Group Welcomed Warmly
Ready for its organizational debut, WIFM hosted the opening mixer to an enthusiastic reception at AFLA’s 2011 conference, an event that helped the “group take off,” says Edwards.
“WIFM was immediately welcomed by women in the industry,” Miller recalls. “It was what women wanted and needed. The biggest surprise was how it blew up; we thought if we got 300 members eventually, we’d be successful. Instead from the beginning interest in membership was overwhelming.”
Governed by a board of directors and mentoring, membership, learning, and social media committees, WIFM has developed popular mentoring and speaker’s programs, webinar series and informal networking events at industry meetings.
“AFLA offered space at its meetings for a WIFM-dedicated session—a panel reflecting the perspectives of women in fleet, bringing women to have a seat at the table,” says Edwards.
AFLA also hosts a WIFM web page with news and activity registrations. Additional initiatives include regular interviews of women fleet leaders in Fleet Management Weekly and ongoing discussions in the WIFM LinkedIn group.
Speakers and webinar topics have focused on topics key to women and leadership, from personal and professional development to practical tips on specific fleet challenges.
WIFM’s mentoring program is one of the group’s most popular membership services and a favorite of each founding member, providing the opportunity to pass on their knowledge and experience to industry newcomers.
“It is now a formalized process,” says Edwards. “People sign up on WIFM’s page on the AFLA site. A committee pairs up mentors and mentees from the signups and provides guidelines for good mentoring relationships and tips for a successful process. Participants are surveyed to keep improving the program.”
Pratt believes “getting the mentorship program up and running is one of the most valuable and supportive ways to sustain and further women in the fleet industry.”
Miller also cites the group’s “informal” mentoring: “We provide information to help women in the profession; to lift themselves, gain confidence and recognize the value of networking.”
“The scope of WIFM membership has meant that members represent diverse knowledge and skill sets, and when one member needs help, they can find someone doing similar work,” says Liddle.
“The diversity of WIFM membership has helped the organization keep up with changes in the industry over the years,” agrees Miller. Members with “different backgrounds and professional tenure” offer “nuggets of wisdom” and help the group maintain relevance, particularly with younger women, she adds.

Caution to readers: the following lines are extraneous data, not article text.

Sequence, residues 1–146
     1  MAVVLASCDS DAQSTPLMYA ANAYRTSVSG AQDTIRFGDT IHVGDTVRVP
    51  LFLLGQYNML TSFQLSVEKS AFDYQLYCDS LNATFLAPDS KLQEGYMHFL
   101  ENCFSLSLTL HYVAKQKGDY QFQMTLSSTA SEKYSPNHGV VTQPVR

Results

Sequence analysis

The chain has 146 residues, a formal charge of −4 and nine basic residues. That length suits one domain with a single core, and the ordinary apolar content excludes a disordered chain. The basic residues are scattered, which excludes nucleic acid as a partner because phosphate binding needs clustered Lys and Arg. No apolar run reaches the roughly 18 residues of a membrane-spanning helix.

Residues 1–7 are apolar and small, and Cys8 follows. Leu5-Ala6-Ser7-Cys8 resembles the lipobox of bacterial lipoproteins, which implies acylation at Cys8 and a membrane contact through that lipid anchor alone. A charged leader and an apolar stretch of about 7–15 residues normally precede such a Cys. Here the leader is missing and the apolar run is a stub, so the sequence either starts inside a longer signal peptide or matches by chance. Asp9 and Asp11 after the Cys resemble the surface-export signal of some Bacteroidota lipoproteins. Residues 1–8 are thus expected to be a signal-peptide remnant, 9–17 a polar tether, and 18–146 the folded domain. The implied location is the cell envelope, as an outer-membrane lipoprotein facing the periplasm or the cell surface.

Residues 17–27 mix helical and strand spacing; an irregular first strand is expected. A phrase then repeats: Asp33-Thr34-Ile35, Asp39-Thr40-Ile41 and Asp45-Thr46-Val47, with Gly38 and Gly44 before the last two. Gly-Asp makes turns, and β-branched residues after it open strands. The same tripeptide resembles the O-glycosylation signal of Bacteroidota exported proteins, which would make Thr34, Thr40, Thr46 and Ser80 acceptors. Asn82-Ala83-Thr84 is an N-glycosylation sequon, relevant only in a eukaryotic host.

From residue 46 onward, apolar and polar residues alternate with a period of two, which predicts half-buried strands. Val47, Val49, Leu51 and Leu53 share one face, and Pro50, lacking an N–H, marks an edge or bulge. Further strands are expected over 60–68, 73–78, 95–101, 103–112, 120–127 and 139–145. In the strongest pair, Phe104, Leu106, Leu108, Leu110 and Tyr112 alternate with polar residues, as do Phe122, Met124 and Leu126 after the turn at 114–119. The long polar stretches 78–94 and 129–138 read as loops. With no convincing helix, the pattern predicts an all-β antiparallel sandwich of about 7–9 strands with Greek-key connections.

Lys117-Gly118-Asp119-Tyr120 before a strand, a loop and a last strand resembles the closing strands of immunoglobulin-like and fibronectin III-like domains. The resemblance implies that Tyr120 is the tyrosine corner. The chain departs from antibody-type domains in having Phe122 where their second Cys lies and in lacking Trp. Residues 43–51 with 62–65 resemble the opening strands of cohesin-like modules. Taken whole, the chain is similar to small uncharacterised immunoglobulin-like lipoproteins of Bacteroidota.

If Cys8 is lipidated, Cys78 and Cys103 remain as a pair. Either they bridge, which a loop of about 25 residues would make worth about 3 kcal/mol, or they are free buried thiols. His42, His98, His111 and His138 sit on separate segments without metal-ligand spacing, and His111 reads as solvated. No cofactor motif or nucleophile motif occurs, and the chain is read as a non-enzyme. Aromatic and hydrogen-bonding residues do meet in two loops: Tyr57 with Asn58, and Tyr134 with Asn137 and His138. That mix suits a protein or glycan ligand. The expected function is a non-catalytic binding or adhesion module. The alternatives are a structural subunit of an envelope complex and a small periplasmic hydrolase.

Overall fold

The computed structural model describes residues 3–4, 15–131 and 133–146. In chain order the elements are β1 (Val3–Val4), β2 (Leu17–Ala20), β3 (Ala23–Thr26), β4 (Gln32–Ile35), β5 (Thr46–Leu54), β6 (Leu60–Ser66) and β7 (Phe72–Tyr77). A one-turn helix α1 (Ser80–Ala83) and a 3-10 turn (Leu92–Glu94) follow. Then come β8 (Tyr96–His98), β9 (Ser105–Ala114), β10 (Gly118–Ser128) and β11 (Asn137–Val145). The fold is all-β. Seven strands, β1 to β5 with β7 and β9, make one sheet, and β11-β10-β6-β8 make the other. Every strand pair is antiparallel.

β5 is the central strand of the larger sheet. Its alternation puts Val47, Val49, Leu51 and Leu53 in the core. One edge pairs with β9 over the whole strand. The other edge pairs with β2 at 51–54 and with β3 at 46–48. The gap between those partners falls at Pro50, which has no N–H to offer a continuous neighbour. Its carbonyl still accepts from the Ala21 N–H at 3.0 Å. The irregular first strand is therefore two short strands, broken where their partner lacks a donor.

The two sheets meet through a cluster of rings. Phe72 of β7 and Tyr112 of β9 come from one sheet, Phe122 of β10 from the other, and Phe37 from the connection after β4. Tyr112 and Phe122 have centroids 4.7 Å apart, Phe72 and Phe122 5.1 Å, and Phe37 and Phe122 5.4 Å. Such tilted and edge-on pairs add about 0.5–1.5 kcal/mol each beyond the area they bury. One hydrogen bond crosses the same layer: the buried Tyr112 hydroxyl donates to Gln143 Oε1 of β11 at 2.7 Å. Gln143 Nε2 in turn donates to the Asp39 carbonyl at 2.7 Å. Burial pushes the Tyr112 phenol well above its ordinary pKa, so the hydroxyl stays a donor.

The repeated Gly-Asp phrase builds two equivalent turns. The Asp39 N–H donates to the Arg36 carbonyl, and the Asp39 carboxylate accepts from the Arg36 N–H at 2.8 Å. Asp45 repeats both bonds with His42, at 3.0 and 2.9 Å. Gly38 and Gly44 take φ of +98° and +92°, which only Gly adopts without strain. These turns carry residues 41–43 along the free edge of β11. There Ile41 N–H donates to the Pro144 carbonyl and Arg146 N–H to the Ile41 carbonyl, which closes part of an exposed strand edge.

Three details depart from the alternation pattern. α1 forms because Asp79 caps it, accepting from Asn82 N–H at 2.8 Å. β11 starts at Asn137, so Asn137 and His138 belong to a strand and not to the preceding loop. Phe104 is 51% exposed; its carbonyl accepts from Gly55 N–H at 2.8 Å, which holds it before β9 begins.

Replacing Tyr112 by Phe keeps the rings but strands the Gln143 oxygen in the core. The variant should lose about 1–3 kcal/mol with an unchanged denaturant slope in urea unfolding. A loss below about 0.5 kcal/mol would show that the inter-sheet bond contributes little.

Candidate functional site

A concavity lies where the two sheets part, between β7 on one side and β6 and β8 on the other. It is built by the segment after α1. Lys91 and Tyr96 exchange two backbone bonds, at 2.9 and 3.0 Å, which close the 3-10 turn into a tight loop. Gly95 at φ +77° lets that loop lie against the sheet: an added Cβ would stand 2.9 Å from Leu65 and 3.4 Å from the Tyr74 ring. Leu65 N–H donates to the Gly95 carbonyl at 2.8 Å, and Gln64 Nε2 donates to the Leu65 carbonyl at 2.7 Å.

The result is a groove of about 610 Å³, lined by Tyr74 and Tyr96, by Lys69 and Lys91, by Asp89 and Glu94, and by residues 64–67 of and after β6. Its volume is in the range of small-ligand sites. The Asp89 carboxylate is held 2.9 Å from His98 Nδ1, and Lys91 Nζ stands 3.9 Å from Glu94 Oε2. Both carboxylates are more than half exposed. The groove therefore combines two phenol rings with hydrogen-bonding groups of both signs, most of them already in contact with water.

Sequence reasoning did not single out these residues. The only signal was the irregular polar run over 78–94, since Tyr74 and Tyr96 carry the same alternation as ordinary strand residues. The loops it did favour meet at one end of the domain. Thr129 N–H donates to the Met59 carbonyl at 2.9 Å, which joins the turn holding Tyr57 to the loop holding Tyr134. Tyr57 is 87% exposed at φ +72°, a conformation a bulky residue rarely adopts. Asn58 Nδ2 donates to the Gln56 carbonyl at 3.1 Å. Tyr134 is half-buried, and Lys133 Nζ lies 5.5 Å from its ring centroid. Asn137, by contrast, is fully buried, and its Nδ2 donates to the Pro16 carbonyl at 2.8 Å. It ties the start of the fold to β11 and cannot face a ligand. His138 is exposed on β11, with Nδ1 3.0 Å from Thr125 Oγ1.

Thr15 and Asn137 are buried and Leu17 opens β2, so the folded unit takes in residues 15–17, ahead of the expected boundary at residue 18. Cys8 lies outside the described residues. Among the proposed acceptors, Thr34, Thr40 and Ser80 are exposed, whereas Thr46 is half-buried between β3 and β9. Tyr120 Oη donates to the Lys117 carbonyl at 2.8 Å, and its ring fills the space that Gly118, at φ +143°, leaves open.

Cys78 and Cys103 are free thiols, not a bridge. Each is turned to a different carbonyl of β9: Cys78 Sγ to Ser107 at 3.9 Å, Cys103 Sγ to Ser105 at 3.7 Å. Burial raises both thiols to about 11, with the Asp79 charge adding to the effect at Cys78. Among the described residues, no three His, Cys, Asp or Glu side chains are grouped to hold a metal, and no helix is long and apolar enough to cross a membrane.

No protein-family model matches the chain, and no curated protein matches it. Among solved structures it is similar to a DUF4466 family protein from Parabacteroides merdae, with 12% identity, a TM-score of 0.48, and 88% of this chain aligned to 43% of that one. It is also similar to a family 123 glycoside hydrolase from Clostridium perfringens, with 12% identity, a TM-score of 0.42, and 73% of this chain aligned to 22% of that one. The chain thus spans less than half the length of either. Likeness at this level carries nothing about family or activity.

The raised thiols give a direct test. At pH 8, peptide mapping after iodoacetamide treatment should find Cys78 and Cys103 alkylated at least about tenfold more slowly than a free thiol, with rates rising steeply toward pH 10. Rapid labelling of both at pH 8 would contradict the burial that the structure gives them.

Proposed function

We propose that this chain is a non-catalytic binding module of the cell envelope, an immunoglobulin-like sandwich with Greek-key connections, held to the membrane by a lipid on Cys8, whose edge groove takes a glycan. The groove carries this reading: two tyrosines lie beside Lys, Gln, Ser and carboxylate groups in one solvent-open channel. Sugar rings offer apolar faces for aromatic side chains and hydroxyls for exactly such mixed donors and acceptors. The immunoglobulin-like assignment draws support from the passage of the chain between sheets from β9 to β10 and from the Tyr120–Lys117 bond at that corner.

WIFM ‘A Living Legacy’
Edwards, the woman whose phone calls to four fleet colleagues initiated a pioneering organization led by and for women in fleet, describes her involvement in WIFM “a living legacy, a home run. When I decide to retire, I will have made my mark—along with others in WIFM—on the fleet industry.”
The foundation of WIFM’s success, believes Edwards, is connection, “relating daily challenges to women in the fleet, building relationships.” While the group “calls upon men at times to seek their input, we also share with them ‘This is how it feels as a woman in fleet,’” she explains. “Because WIFM is an open group, we all learn ideas, learning, knowledge and innovations from each other.”
Hopes for the Future
The five WIFM co-founders expressed hope for the organization’s bright future.
Coyte Meyer anticipates the group’s continued success in “helping everyone,” because “industry seniors can learn, too, from fresh new faces.”
For Liddle, the international possibilities for WIFM exciting; pre-COVID, Edwards presented the concept to groups in Canada and Australia.
“I hope WIFM continues with its great leadership, programs and services,” says Pratt, identifying current WIFM president Lori Rasmussen’s “awesome leadership” in “the timely speakers and webinars with thoughtful and relevant topics.”
Miller echoes that optimism, anticipating WIFM “can continue to grow in richness in the support it provides women and men in fleet,” to continue offering “something special.”
“The sky’s the limit,” enthuses Edwards, who hopes “to pass WIFM on to the next generation, keep the up-and-coming women engaged in growing the group and perhaps one day it will a standalone organization.”
And to think, she recalls, “It all started with a car ride.”